What Should I Save for Asynchronous Instruction?

There are myriad types of asynchronous work to be posted, and the range varies depending on grade level and subject area. Selecting content-based platforms that can be utilized over time to track content-area progress (i.e. math programs like Freckle Math or Dreambox Learning) are a starting point.

The more meaningful tasks are truly the assignments from teacher to student that link closely with direct live instruction and the individual learner’s needs. The more you can embed into your classroom online platform (Google Classroom, Class Dojo, Seesaw), the more accessible and interactive student work can be. Posting learning tasks as Google Docs that can be edited and submitted, utilizing voice recording or drawing tools to have students explain their thinking, and of course things like Google Forms and other quiz options provide assessments options as students work through new material.

You can enhance your platform further with tools like Flipgrid or Padlet, offering tasks where students post videos (Flipgrid) or sticky note postings (Padlet) to shared online boards. For example, having students post a video of themselves explaining how they solved a complex word problem or completed a science experiment will allow for them to both verbalize their learning and also hear from others how they achieved the learning goals.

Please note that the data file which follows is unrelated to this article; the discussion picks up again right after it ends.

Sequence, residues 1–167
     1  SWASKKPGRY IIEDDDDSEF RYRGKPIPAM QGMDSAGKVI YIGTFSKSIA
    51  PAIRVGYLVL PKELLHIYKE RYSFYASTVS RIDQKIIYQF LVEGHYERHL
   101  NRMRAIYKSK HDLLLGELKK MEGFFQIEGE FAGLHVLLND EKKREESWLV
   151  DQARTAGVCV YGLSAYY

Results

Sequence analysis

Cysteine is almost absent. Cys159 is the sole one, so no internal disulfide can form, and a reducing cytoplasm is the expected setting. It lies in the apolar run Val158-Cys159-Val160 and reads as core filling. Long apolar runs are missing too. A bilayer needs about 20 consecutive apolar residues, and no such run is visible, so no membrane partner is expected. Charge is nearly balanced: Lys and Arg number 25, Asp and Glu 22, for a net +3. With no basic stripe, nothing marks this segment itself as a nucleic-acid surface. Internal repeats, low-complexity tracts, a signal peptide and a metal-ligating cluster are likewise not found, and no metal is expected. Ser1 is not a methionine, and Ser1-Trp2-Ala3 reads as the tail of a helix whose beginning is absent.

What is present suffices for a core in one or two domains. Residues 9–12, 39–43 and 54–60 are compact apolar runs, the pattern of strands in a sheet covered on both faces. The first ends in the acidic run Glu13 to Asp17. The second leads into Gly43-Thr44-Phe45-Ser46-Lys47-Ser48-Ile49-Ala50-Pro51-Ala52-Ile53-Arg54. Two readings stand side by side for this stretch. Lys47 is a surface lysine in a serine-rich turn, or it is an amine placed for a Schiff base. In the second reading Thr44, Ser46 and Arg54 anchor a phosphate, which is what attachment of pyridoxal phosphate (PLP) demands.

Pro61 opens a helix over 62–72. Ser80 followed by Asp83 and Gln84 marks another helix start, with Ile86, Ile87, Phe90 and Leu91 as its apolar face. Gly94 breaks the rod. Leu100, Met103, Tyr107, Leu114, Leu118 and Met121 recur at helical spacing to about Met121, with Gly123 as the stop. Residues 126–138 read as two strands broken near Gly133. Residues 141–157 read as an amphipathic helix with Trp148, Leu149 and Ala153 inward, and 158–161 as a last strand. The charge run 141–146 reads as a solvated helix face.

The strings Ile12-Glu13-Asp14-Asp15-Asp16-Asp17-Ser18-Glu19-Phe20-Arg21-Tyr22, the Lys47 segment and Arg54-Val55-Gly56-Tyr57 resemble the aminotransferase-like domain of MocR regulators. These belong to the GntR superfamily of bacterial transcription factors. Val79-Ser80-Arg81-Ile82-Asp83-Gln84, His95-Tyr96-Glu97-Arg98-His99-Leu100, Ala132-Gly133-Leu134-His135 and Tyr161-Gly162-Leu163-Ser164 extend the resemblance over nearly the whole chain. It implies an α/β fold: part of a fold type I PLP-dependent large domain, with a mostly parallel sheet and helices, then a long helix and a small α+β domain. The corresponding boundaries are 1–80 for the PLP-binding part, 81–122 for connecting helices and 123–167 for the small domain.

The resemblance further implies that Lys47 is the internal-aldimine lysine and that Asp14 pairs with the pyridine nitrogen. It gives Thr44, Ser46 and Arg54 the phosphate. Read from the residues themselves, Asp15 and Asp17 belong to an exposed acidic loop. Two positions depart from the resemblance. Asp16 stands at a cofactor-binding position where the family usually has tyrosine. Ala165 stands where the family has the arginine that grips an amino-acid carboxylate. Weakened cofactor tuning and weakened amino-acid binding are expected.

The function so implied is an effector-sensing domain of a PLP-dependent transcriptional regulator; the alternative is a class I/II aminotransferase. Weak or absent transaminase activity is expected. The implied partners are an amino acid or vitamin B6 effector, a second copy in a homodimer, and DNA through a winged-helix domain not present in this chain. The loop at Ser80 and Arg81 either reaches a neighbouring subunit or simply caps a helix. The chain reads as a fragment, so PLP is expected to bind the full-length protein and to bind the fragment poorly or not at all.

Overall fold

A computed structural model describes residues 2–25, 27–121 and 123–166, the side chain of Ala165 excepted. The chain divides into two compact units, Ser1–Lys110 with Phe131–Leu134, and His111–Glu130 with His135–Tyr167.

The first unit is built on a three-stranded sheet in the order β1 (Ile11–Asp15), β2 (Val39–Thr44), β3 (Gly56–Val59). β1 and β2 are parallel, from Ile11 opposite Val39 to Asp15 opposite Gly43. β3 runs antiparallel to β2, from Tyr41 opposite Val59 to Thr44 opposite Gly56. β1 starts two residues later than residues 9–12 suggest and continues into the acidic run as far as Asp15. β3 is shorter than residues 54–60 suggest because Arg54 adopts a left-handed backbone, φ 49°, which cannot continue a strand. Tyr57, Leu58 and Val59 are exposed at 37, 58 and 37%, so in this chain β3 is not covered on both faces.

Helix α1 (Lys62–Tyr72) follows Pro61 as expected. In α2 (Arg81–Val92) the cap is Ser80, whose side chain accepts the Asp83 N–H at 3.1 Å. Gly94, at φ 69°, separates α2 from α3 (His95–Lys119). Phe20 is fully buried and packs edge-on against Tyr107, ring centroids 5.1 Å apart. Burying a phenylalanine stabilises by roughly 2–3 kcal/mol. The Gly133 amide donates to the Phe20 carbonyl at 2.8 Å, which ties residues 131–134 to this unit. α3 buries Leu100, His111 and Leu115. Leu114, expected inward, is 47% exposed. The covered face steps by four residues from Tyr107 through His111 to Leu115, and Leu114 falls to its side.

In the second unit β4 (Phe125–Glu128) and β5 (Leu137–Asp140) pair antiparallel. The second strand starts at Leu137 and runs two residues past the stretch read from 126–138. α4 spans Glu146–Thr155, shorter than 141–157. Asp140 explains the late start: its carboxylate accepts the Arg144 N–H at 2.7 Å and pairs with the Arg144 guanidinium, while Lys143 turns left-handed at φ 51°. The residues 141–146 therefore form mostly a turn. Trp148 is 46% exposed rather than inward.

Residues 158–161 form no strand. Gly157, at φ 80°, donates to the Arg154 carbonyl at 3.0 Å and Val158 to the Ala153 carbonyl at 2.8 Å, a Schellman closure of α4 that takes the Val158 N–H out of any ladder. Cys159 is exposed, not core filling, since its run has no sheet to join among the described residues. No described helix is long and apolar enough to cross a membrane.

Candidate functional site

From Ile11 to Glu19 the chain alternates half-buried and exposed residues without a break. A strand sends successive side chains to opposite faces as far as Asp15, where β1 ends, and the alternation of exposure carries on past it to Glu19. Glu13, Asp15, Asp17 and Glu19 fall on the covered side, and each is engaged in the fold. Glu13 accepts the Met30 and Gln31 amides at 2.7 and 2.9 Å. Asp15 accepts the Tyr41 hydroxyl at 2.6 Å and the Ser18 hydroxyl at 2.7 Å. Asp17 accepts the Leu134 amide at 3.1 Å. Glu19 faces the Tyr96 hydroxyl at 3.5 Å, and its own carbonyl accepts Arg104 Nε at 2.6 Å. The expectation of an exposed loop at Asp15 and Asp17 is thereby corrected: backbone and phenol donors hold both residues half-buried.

Don’t forget the value of adding resource materials as asynchronous components to your online instruction. Tutorial videos, modeling examples, and other resources (optimally with your voice/image) provide in-the-moment support when you are not available to answer questions of students completing asynchronous work. They can be a major help for the grown-ups at home trying to support the learning process, too!

When Should I Mix Formats?

Like any live lesson, students will reflect on classroom discussions long after they occur and will be looking for opportunities to share their thinking if they did not have enough “air time” during the live discussion. Blending live and asynchronous learning opportunities can extend learning and ensure that students continue thinking and growing long after the lesson.

For example, having a class discussion around a text passage or current event with questions that hit on different depths of knowledge can stimulate student interest. Carrying the discussion into the online classroom platform by providing additional discussion threads for students to post and comment afford students continued learning and increase peer-to-peer communication.

Another strategy is having the asynchronous work completed first and then engaging in a “gallery walk” where students share the work they completed with their classmates during live sessions to explain their thinking and pose meaningful questions to one another about their thinking.

Don’t Forget!

An online classroom can be even more of a silo than an in-person one. Carving out time to collaborate with other online teachers and sharing strategies that are working will continue to enhance your effectiveness with students online. Getting connected with the tech leader of your online school is an important step of staying on top of new tricks and tools, as well as easily troubleshooting the natural challenges that will come with online learning.